Trade Cases

Vietnam Circumvention Ruling Sets New Precedent

Written by Tim Triplett

The Commerce Department’s Vietnam circumvention ruling on Tuesday represents a departure in the U.S. government’s interpretation of what constitutes adding “minor or insignificant” value to a product. This is a key issue in determining whether importation of a product from a country not directly subject to a trade remedy amounts to a “circumvention” of existing trade orders. 

Washington trade attorney Lewis Leibowitz was not surprised by the circumvention determination. “It has been widely expected that Commerce would reach out to penalize imports of steel products from Vietnam. However, it remains to be decided whether the ruling is consistent with U.S. law or trade agreements. Until this decision, it seemed clear that if a product is transformed “substantially” such that it is a new and different product, it cannot also be a “minor or insignificant” change. Commerce ignored their previous jurisprudence on “substantial transformation” to reach a result that looks out of phase with international trade norms. This could have widespread implications for other cases and other countries that process steel from China and elsewhere.”

Leibowitz takes issue with the ruling, which is based on the premise that the value added to the steel in cold rolling and coating steel in Vietnam is “minor and insignificant.” In fact, in the case of CORE steel made from Chinese hot-rolled substrate, the product has undergone not one but two significant changes, cold rolling and covering with a corrosion-resistant coating. “The Chinese product has been ‘substantially transformed’ in Vietnam, either once or twice, making the finished product undeniably a product of Vietnam, not China,” he argues.

Shares of publicly traded steel companies rallied on Wednesday in response to the preliminary ruling by Commerce, which found that corrosion-resistant steel (CORE) and certain cold rolled flat products imported from Vietnam, which were produced from substrate originating in China, are circumventing existing antidumping and countervailing duty (AD/CVD) orders on Chinese steel. As a result, Customs and Border Protection will begin collecting cash deposits on imports of CORE produced in Vietnam using Chinese-origin substrate at antidumping rates of 199.43 percent and countervailing duty rates of 39.05 percent. CBP will also collect AD and CVD cash deposits on imports of cold-rolled steel produced in Vietnam using Chinese-origin substrate at rates of 265.79 percent and 256.44 percent, respectively. Duties will apply to shipments entering the United States on or after Nov. 4, 2016, unless the Customs entries have been closed out by Customs, a practice known as “liquidation” of the entry.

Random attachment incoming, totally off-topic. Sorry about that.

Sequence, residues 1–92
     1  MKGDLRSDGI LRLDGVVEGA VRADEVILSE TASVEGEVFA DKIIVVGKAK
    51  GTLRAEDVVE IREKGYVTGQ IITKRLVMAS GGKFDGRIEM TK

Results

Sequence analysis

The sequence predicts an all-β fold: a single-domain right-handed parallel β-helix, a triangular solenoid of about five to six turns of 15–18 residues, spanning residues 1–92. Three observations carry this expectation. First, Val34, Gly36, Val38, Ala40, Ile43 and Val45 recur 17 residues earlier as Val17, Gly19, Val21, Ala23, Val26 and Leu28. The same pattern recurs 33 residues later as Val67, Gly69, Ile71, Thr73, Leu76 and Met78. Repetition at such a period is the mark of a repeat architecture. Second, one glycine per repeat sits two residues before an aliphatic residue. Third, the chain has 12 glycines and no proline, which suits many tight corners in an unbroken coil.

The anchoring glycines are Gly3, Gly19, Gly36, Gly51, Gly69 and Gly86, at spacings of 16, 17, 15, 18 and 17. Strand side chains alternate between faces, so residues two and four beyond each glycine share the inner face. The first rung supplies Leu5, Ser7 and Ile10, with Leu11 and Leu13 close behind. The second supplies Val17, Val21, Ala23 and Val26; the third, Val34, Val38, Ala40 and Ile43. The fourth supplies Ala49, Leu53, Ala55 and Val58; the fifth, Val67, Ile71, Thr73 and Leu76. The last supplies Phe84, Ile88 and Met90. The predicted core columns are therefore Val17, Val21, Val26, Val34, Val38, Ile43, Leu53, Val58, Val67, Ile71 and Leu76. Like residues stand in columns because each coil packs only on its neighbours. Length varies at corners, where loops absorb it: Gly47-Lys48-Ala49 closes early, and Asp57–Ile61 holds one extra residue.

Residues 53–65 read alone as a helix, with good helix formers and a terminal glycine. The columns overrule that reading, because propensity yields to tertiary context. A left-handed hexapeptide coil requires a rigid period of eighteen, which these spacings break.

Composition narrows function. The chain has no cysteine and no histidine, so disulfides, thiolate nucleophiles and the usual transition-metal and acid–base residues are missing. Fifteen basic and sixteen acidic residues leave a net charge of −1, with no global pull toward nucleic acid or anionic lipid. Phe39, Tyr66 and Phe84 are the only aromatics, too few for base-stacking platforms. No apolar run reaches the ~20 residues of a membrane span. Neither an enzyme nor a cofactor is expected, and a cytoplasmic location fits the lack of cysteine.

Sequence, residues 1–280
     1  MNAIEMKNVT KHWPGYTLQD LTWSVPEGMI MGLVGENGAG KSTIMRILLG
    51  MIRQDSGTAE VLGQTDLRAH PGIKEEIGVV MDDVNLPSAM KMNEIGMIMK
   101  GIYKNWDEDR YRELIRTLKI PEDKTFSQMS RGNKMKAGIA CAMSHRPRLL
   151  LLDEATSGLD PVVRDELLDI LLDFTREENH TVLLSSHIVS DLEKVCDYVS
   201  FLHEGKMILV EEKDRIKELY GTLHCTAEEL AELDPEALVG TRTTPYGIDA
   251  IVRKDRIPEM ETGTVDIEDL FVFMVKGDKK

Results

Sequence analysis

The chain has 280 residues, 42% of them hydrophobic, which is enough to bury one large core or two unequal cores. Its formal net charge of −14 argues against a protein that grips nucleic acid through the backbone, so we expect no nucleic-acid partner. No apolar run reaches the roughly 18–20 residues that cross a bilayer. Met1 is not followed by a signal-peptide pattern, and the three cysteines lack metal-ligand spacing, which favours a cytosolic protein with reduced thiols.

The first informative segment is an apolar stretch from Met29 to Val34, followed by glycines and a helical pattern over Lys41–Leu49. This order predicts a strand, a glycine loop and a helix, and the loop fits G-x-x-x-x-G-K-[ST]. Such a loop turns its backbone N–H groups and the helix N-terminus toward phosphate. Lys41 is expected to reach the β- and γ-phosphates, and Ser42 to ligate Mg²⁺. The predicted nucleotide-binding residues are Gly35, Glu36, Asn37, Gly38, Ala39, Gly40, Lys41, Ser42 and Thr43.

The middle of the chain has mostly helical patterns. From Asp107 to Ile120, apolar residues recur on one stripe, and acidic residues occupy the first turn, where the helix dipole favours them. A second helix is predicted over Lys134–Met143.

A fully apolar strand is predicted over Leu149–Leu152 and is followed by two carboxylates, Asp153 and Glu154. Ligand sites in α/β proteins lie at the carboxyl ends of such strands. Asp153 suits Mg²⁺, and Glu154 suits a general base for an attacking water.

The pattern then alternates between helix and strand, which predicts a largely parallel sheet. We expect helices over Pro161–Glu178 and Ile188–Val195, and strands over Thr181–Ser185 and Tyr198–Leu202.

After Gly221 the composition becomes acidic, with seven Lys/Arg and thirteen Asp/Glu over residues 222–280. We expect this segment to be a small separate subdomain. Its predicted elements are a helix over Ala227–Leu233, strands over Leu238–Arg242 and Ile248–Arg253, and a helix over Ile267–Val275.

The decision was a victory for U.S. steelmakers, who won AD/CVD duties against Chinese steel in 2015 and 2016 only to see shipments from other countries rise.  The domestic industry accused the Chinese of diverting their products through third countries to circumvent the duties.  Domestic steel producers, including Steel Dynamics, Inc., California Steel Industries, AK Steel Corp., ArcelorMittal USA, Nucor Corp. and United States Steel Corp., filed a complaint when shipments of CORE from Vietnam to the United States increased from $2 million to $80 million shortly after the preliminary duties were imposed on Chinese products in 2015. Likewise, shipments of cold-rolled steel from Vietnam jumped to $215 million from just $9 million after Chinese products were hit with duties about the same time.